Since its founding in 1976, Campbell Law School has developed lawyers who possess moral conviction, social compassion and professional competence, and who view the law as a calling to serve others. The school has been recognized by the American Bar Association (ABA) as having the nation’s top Professionalism Program and by the American Academy of Trial Lawyers for having the nation’s best Trial Advocacy Program. Campbell Law boasts more than 3,650 alumni, including more than 2,500 who reside and work in North Carolina. In September 2009, Campbell Law relocated to a state-of-the-art building in downtown Raleigh. For more
In 2014, the North Carolina Bar Association published an updated History of the Family Law Section spanning from 1980 to 2013. Co-authoring the history was one of Cheshire Parker’s Raleigh family law attorneys, Amy Britt. Attorney Lynn Burleson of Tharrington Smith provided the original history spanning the years from 1980 to 2003, while Ms. Britt provided the data and narratives for the following decade. The report includes a history of section membership, officers and council members as well as the range of services and legal education seminars the NCBA has provided to family law attorneys across the state. This collaborative document exemplifies the changes that have taken place in matrimonial law in the last 35 years.
You can view the History of the Family Law Section online at the North Carolina Bar Association’s website here with an NCBA membership login: https://www.ncbar.org/media/444946/history-of-the-family-law-section-with-alb-additions-1162015.pdf
The Family Law Section of the North Carolina Bar Association promotes improvements in family law practice and jurisprudence by legislative changes, legal education, practice guides, pro bono legal services and mentoring programs. The Family Law Section provides information on legal and policy developments relating to children and families. The section also sponsors CLE programs on equitable distribution and an intensive seminar in family law in alternate years, thereby furthering the knowledge of its members in all matters relating to family law. The section provides members with a substantive newsletter and helps mold the association’s legislative agenda for presentation to the General Assembly.
In North Carolina, drunk driving charges are ranked in severity according to grossly aggravating factors, aggravating factors and mitigating factors. Before 2011 and Laura’s Law, any drunk driving instance was subject to five different levels of sentencing, the highest of which was a Level 1.
A Level 1 offense consisted of two grossly aggravating factors or the single aggravating factor of carrying a passenger under the age of 18 in the car at the time of the DUI offense. At Level 1, a DUI charge would carry a minimum of 30 days in jail and a maximum sentence of 2 years.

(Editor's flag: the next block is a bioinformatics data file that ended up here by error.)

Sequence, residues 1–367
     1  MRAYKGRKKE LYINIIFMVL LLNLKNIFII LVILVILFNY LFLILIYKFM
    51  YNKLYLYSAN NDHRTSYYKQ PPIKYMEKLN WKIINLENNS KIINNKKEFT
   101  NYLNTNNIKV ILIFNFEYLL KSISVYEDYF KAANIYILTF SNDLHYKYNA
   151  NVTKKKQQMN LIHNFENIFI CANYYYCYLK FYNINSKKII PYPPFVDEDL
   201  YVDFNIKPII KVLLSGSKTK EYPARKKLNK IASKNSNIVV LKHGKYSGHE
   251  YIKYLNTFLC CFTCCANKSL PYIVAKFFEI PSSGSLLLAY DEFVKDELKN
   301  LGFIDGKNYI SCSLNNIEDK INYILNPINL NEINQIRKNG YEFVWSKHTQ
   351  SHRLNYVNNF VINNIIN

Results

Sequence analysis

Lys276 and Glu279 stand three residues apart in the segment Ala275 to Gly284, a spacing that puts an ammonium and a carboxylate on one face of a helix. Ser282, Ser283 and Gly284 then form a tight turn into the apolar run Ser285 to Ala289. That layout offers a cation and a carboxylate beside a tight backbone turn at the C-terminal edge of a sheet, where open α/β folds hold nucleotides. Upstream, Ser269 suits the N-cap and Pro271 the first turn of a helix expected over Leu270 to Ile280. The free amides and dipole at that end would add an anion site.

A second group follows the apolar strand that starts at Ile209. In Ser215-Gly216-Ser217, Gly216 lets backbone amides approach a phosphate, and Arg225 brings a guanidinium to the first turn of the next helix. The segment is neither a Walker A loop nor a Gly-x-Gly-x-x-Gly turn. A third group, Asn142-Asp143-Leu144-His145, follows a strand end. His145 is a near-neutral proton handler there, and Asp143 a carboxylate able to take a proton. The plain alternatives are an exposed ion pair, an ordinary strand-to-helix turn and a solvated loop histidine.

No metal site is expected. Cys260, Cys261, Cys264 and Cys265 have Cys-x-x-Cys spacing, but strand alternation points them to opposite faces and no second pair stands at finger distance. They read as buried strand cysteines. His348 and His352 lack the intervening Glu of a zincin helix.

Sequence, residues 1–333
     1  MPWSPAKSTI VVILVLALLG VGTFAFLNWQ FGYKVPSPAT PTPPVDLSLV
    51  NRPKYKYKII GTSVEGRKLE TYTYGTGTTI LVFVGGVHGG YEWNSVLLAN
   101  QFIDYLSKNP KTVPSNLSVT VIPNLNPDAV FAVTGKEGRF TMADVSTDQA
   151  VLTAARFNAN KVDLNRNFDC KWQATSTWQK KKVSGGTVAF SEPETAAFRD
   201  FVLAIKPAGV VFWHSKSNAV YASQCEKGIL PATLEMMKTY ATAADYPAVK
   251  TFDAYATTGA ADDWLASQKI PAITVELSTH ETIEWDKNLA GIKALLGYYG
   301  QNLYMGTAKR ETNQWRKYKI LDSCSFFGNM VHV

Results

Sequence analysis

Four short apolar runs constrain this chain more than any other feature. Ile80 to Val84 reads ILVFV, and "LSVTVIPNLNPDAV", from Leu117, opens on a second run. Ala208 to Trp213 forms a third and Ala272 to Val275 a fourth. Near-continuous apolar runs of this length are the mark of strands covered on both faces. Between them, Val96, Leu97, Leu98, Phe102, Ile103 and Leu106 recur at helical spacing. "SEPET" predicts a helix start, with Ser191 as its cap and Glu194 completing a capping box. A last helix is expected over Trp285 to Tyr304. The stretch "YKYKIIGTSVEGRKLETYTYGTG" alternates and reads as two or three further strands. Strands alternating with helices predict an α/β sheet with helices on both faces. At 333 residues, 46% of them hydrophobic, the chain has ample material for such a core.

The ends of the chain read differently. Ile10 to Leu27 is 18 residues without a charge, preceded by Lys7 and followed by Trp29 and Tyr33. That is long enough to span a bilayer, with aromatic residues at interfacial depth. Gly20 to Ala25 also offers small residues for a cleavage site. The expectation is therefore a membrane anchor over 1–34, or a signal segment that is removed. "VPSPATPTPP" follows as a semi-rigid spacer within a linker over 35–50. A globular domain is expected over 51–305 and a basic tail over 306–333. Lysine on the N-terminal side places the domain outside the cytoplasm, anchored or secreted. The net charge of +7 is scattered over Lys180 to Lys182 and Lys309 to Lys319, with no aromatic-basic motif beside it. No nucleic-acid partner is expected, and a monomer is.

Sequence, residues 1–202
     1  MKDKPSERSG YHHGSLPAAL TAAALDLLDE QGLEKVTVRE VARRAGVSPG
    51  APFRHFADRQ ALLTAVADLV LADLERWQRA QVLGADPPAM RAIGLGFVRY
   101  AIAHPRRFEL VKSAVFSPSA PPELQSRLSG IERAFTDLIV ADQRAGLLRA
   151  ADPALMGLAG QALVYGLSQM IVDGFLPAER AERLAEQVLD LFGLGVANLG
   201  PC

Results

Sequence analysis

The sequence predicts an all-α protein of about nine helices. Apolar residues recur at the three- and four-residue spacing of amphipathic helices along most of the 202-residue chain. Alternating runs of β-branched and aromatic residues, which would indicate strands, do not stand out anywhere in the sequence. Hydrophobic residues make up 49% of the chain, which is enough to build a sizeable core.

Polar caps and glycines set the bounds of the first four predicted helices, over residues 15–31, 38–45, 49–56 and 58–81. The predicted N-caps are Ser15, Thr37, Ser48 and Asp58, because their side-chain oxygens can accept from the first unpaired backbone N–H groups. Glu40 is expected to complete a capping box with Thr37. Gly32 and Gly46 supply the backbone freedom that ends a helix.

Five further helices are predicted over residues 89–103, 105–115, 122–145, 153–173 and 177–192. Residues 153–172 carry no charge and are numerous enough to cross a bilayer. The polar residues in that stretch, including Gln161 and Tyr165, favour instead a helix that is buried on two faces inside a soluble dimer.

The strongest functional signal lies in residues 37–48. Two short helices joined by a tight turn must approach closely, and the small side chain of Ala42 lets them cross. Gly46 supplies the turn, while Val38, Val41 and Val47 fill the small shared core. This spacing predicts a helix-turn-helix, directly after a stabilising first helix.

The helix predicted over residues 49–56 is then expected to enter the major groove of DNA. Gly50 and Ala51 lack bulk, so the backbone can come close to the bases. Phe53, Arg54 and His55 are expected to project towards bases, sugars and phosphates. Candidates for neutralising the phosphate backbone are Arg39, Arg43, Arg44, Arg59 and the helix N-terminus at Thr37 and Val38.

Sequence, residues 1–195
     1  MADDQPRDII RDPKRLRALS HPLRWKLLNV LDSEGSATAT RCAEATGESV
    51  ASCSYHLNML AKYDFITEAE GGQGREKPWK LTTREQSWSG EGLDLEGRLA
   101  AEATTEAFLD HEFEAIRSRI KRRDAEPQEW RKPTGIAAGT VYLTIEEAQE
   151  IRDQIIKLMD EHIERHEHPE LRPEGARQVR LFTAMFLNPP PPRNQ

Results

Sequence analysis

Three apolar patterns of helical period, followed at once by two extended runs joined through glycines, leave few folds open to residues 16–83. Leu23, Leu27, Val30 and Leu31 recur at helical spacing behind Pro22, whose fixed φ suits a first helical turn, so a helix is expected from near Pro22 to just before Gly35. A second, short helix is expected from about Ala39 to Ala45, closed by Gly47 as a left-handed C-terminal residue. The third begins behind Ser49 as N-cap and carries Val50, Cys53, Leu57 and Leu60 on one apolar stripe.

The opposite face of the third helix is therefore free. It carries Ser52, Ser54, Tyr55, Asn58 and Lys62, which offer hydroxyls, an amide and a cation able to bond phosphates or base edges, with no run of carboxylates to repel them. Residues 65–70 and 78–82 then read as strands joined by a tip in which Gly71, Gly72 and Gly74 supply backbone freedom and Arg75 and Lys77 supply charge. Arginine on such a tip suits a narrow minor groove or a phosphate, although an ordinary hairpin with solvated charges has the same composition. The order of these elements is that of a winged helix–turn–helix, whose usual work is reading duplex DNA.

In 2011, North Carolina’s General Assembly passed Laura’s Law, an ordinance that has changed how drunk driving is categorized and sentenced throughout the state. The statute was named for Laura Fortenberry, a 17-year-old from Gaston County who was killed after a drunk driver collided with the car in which she was a passenger in the summer of 2010.
The driver at fault had been cited and sentenced for several drunk driving instances before and was heavily intoxicated at the time of the accident. To cut down on repeat offenders driving drunk and to more heavily penalize drivers who have multiple DUIs in their history, the state enhanced their drunk driving sentencing process.
Aggravated Level 1
Under Laura’s Law, the state has added a sixth level of sentencing designed specifically to penalize repeat drunk drivers. The Aggravated Level 1, or Level A1, involves any case where three or more grossly aggravating factors have been found. Level A1 sentences can only be applied to drunk driving charges that occurred after December 1, 2011, when the law took effect. These charges can be penalized more severely with a maximum term of three years in jail and a minimum sentence of one year — longer than the state’s penalties for certain felony crimes.
A driver who has been convicted of a DWI at the A1 level cannot reduce or shorten the active jail sentence by choosing alternative penalties such as inpatient treatment, rehabilitation or driver’s education courses. The set amount of time in jail is predetermined and cannot be adjusted.
The only exception for this is in cases where the driver who has been charged agrees to use a Secure Continuous Remote Alcohol Monitoring (SCRAM) bracelet. The SCRAM bracelets, worn at the ankle, are designed to act as on-the-go breathalyzers and monitor the wearer’s blood alcohol content by collecting samples from the air around the body.
If the person has consumed any alcohol, the SCRAM will be able to detect the change in blood alcohol content through the person’s sweat glands. The device collects samples at designated times, usually once or twice an hour, to keep the wearer in check.
At Cheshire, Parker, Schneider, and Bryan, we represent people charged with a drunk driving offense, including those charged at aggravated levels under Laura’s Law. If you have questions regarding your charges, or need legal representation, contact a Raleigh DWI lawyer at our firm today.